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Fig 2.

(A) The effect of cytochalasin D treatment on phagocytosis of A.fumigatus conidia (wild-type and mutant). The cells that have been pretreated with 2μM cytochalasin D, showed a limited tendency towards phagocytosis the conidia in compared to the untreated cells. The 1 h treatment of MM6 monocytes with cytochalasin D reduced the rate of engulfed conidia to ~ 19% in wild type and 30% in mutant. (B) pH variation in monocyte after infection with wild-type conidia (blue line) and the monocyte infected with pksP mutant conidia (red line). Intracellular pH was calculated via linear regression analysis based on fluorescence spectra ratio in comparison to the generated pH standard curve. In general, pH remained more acidic when the cell is infected with mutant conidia. (C) Data present the mean value + SD of three experiments.

https://doi.org/10.1371/journal.pone.0163505.g002

Melanised A. fumigatus conidia recovered the intracellular acidic pH in apoptotic monocytes

To evaluate the results from other studies showing that melanised conidia interfere with the apoptotic pathways [39, 51], we measured the pH in apoptotic and non-apoptotic cells upon infection. 4 h after induction of apoptosis, cells were infected with wild-type or pksP mutant labelled conidia. Also the non-apoptotic cells were infected accordingly. The entire spectra from engulfed conidia representing pH, were recorded versus the emission wavelength (Fig 3).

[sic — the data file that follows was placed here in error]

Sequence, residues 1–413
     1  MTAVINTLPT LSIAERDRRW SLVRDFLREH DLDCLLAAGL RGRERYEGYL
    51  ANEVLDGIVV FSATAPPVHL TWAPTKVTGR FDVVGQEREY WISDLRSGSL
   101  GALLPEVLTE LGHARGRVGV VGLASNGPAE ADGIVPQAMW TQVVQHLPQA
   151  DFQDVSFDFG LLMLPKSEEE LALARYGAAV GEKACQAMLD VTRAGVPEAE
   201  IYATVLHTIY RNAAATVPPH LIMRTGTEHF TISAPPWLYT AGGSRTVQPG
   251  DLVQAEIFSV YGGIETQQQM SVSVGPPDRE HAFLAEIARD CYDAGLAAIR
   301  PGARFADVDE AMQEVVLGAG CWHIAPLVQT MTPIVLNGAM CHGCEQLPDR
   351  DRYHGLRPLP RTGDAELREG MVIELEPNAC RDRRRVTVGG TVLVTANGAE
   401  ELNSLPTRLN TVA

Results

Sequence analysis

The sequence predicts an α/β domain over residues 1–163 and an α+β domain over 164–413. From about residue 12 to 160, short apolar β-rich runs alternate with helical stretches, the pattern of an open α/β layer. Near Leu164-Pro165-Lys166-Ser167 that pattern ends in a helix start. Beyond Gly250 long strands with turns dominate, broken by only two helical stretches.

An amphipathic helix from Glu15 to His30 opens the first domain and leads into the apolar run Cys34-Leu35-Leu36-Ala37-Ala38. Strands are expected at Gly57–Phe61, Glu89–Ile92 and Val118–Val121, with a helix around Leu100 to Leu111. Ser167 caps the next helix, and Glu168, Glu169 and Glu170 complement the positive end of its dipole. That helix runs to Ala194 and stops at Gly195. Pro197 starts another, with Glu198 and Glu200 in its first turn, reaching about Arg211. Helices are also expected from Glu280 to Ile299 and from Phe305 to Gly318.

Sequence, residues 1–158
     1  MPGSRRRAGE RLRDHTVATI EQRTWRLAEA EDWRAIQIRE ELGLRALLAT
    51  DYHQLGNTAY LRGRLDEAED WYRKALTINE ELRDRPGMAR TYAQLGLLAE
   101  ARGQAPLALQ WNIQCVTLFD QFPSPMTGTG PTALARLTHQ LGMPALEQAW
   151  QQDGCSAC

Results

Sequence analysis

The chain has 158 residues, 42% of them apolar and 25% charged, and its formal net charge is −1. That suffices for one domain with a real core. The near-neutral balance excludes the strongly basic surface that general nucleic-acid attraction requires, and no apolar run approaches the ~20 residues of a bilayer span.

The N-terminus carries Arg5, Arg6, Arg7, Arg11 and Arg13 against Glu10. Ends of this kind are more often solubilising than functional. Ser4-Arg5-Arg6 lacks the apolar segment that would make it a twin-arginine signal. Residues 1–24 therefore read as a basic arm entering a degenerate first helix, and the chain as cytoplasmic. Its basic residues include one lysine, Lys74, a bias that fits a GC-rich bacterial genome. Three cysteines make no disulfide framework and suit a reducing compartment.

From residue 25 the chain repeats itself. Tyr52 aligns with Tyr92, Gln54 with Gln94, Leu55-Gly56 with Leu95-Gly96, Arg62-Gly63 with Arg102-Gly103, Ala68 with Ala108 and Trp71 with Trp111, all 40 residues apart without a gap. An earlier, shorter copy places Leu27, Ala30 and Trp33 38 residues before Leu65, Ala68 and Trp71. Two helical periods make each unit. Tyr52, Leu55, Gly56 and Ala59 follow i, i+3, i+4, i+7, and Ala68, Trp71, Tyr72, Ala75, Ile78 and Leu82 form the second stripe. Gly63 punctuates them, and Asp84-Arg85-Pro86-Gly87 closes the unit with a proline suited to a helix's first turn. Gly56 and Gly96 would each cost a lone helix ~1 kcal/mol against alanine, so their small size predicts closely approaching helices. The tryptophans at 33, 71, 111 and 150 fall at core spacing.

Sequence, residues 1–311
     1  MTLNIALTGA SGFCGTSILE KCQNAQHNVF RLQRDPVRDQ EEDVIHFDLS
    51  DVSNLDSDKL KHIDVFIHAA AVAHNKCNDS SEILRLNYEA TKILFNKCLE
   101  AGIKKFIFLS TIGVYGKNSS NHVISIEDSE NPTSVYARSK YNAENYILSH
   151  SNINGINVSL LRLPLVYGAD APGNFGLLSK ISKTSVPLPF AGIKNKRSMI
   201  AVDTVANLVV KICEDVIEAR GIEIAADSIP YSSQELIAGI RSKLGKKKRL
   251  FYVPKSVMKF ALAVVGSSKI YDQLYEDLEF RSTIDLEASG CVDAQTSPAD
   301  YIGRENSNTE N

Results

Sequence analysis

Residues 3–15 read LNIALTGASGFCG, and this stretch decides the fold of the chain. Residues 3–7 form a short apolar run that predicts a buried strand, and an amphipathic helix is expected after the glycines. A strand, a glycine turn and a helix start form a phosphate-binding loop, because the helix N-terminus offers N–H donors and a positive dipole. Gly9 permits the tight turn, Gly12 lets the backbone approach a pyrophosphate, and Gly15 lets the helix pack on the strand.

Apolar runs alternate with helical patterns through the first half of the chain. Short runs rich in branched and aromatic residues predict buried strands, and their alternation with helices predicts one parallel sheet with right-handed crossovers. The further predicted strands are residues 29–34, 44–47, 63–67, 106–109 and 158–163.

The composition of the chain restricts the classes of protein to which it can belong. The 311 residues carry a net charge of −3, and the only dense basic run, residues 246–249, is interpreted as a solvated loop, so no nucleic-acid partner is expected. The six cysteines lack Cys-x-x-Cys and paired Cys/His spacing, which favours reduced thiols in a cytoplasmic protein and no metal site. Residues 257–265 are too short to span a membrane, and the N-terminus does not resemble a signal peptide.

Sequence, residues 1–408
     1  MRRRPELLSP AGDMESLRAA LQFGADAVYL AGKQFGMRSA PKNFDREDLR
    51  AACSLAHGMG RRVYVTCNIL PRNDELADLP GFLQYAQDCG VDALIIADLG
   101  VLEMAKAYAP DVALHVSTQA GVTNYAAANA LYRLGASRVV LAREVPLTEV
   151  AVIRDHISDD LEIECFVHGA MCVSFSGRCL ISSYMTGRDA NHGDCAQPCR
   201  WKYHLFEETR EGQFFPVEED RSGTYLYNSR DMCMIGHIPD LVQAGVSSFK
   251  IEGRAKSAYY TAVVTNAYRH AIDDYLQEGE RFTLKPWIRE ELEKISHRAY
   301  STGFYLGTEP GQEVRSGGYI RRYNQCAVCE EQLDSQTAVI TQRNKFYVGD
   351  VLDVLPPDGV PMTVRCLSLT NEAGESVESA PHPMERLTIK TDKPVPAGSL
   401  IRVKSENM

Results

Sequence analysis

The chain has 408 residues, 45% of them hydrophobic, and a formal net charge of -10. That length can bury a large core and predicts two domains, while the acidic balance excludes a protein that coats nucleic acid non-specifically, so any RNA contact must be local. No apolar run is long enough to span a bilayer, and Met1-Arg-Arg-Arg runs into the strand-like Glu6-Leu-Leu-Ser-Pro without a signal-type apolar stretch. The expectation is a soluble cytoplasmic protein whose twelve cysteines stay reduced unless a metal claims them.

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Fig 3. Spectrum of the pH at given time points (6 h and 10 h p.i.) in apoptotic and non-apoptotic infected monocytes.

The dashed lines (shown in blue and green) are the spectra of pH in wild-type (wt.) and mutant infection in non-apoptotic monocyte at 6 h p.i. when their pH showed approximately similar values (6.3 to 6.5). The constant lines represent the wild-type or mutant infections in apoptotic monocyte (treated with STS) comparing two time points of 6 and 10 h p.i. The most acidic pH (less than 4) was recorded 10 h p.i. in the apoptotic monocyte infected with mutant whereas at the same time point the apoptotic monocyte infected with wild-type showed a higher pH around 5.3.Regardless of the type of infection, the signals related to acidic pH in non-apoptotic cells were generally less intense than in apoptotic cells. 10 h p.i., the apoptotic cells infected by melanin-free pksP mutant conidia were far more acidic compared to cells containing wild-type conidia.